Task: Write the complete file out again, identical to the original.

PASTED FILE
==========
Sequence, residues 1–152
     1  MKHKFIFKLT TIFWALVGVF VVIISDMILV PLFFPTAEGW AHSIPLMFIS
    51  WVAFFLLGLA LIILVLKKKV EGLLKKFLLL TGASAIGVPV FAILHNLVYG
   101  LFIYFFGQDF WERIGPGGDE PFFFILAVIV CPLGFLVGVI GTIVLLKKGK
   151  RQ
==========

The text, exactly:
Sequence, residues 1–152
     1  MKHKFIFKLT TIFWALVGVF VVIISDMILV PLFFPTAEGW AHSIPLMFIS
    51  WVAFFLLGLA LIILVLKKKV EGLLKKFLLL TGASAIGVPV FAILHNLVYG
   101  LFIYFFGQDF WERIGPGGDE PFFFILAVIV CPLGFLVGVI GTIVLLKKGK
   151  RQ